Study Highlights Changing Attitudes about Marriage and Divorce
According to recently released survey results, many Americans’ views on relationships, marriage, and divorce have changed over the past decade. From 2011 through 2013 the Centers for Disease Control and Prevention (CDC) conducted in-person interviews of 10,000 Americans aged fifteen to forty-four about their views on marriage and family-related topics.
The CDC survey, which is conducted every decade, found that many more Americans, aged fifteen to forty-four, now support same-sex marriage, couples living together before marriage, and single women having children than was the case a decade ago. However, just as the survey showed growing acceptance in certain areas, it also marked a significant decrease in the number of those who believe that divorce is an acceptable option for those with struggling marriages. Specifically, the survey found the following:
75% of women and 69% of men believe it is okay for single women to raise a child;
75% believe it is okay for non-married couples to live together before they’re married;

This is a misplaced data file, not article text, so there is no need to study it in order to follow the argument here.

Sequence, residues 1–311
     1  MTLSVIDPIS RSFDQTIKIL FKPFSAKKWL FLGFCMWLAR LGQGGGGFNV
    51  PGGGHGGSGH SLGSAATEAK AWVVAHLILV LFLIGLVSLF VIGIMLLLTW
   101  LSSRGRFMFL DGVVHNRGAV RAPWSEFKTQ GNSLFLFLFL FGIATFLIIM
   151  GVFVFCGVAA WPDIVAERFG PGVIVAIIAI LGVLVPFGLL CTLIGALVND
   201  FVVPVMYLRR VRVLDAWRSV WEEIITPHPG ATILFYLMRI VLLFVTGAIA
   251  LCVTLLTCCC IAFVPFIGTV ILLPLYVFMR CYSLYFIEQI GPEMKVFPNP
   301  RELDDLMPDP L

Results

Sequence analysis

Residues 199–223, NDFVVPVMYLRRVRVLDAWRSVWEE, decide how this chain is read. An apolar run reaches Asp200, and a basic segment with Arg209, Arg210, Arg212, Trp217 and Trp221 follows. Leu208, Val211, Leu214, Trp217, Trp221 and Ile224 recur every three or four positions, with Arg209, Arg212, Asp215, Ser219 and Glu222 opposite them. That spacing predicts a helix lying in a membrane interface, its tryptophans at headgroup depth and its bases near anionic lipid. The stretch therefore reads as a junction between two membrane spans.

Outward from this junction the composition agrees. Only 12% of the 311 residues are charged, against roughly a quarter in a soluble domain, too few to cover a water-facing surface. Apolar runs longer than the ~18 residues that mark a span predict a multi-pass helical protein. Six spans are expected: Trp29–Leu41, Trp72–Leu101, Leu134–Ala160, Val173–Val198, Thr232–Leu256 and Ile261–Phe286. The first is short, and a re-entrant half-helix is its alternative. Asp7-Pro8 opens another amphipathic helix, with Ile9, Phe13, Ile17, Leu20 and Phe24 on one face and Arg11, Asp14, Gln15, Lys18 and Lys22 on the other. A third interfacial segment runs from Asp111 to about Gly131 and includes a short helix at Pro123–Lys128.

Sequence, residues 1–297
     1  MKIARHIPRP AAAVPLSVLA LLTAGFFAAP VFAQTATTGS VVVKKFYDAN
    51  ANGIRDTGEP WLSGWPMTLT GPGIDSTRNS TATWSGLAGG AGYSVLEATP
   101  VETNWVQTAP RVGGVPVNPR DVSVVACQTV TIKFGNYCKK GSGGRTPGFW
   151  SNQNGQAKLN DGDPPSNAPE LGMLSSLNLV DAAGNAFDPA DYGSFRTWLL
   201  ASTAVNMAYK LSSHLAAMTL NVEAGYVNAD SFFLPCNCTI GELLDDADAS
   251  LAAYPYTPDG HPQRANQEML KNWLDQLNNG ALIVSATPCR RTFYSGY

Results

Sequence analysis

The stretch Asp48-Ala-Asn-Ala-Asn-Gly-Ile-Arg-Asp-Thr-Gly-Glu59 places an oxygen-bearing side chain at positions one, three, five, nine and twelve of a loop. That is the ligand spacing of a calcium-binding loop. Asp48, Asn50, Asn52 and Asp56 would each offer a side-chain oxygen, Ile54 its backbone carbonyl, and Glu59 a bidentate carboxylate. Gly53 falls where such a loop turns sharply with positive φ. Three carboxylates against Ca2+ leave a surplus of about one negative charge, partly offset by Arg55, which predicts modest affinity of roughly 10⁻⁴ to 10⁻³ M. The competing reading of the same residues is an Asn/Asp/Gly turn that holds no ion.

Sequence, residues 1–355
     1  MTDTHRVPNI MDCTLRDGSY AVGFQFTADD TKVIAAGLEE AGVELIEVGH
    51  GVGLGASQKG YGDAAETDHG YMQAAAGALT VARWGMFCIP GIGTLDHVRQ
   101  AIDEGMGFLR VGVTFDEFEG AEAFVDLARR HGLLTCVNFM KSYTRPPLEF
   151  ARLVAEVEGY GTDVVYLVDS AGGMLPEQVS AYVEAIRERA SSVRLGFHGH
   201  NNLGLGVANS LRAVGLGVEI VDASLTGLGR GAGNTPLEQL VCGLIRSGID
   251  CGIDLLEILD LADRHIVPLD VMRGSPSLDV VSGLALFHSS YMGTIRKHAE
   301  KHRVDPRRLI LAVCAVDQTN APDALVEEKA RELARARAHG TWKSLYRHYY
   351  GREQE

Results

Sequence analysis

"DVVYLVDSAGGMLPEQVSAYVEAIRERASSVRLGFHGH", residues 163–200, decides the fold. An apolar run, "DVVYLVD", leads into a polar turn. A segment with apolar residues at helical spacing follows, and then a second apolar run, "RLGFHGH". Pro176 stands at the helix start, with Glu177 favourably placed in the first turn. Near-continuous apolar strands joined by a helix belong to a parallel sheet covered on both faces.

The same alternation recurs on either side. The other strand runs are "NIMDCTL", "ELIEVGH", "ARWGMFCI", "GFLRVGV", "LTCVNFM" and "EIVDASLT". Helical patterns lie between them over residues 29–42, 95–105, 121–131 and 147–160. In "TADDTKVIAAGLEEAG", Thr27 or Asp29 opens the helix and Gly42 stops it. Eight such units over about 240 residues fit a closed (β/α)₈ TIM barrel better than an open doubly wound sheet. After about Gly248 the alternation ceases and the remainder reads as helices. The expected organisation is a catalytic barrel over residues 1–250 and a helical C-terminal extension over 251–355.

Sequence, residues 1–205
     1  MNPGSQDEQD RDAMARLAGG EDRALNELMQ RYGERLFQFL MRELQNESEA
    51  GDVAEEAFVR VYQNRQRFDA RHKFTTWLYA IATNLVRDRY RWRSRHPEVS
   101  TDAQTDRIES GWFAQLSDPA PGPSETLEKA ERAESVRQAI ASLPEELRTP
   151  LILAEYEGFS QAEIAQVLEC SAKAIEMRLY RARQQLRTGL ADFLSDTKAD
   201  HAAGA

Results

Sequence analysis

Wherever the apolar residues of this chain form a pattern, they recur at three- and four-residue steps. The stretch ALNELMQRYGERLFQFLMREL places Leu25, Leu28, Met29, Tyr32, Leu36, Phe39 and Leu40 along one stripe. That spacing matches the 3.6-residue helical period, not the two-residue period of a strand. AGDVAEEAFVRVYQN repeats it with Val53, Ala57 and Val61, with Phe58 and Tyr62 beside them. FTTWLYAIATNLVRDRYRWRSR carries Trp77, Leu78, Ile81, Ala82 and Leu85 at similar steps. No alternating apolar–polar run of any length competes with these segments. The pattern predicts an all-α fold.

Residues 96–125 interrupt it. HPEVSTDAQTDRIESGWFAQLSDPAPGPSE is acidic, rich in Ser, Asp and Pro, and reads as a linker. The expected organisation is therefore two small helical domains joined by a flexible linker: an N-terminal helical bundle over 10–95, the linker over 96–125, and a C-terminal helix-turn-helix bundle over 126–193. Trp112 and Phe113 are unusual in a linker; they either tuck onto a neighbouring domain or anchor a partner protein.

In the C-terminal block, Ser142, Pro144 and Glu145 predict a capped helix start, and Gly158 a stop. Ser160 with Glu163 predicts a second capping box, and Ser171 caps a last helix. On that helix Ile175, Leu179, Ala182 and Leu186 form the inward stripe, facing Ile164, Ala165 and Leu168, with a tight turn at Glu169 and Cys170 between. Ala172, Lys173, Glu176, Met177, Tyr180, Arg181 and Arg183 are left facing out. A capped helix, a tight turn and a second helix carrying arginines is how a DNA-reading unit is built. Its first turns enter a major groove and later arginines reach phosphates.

75% of women and 68% of mean believe that same-sex couples should be able to adopt children;
60% of women and 49% of men are okay with same-sex marriages; and
38% of women and 39% of men believe that divorce is acceptable, versus 47% of women and 44% of men just a decade ago.
The survey’s findings on acceptance of divorce are not altogether surprising given that research shows that the divorce rate has declined with younger generations despite the common misbelief that half of all marriages end in divorce. According to a Charlotte Observer article, Wendy Manning of Bowling Green State University, who researches families and marriage, stated that “[m]arriage is becoming so selective that maybe people think if you achieve this status, you don’t want to end it.” As the article elaborated, “[m]arriage rates are down and people are older when they first get married. So those who do marry are more likely to be in it to win it.”
If you are going through a Divorce and have questions about your rights, please call us at 980-939-0233 today to schedule a consultation with a Charlotte Family Law Attorney.